Part of the cash was transferred to Njuguna and Partners accounts at NIC bank of which Sh446,000 was later wired directly to Kinuthia’s account.
Another Sh13 million was paid to one David Maina for the purchase of some three parcels in Murang’a.
The parcels were transferred to Enkai Holdings Limited which EACC later discovered is owned by Kinuthia’s three children.
The commission is seeking to recover over Sh40 million from Kinuthia and several companies involved in the deal.
EACC has also filed a suit for recovery of assets worth Sh1.3 billion against former Nairobi County Chief Finance Officer Jimmy Mutuku Kiamba.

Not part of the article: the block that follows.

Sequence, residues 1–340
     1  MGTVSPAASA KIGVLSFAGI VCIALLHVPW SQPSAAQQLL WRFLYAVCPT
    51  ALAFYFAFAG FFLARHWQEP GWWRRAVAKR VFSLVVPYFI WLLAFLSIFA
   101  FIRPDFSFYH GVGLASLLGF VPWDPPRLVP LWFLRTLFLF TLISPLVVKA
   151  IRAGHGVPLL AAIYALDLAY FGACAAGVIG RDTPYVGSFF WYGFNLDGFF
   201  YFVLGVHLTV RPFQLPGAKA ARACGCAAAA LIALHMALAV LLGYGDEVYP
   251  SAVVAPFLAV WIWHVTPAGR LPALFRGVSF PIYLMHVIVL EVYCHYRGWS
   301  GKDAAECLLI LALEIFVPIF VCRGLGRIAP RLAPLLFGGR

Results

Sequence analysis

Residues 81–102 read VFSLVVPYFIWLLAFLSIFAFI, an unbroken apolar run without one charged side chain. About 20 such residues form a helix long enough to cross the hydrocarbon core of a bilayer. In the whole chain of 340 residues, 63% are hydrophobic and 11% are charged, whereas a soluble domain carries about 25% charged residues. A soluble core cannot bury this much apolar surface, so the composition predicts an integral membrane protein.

EACC said that during the period between August 2009 and February 2015, Kiamba made bank deposits totalling to Sh1.3 billion against his total net salary of Sh5,821,309.
The money was used to acquire several properties in high-end areas in Nairobi and Machakos counties that EACC is fighting to be forfeited to the public.
The EACC is also seeking to recover Sh615 million from a former manager at the troubled Kenya Revenue Authority, Joseph Gikonyo, who was on a Sh119,000 monthly salary.
The anti-graft agency established that Gikonyo has massive immovable property spread across Nairobi, Nyali, Kilifi and Kwale counties valued at Sh355 million, and cash deposits in various banks totalling Sh399 million.
EACC is also seeking to recover more than 340 million from former accountant at City Hall Stephen Ogaga Osiro and his wife Caroline Adhiambo.